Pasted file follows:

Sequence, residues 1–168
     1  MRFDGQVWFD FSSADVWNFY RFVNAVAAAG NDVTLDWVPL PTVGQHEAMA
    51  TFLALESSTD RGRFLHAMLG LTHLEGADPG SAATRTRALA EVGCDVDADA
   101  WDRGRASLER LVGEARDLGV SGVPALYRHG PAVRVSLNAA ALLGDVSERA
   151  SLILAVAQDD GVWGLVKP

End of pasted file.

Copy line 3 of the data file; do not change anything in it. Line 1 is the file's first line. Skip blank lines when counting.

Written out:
    51  TFLALESSTD RGRFLHAMLG LTHLEGADPG SAATRTRALA EVGCDVDADA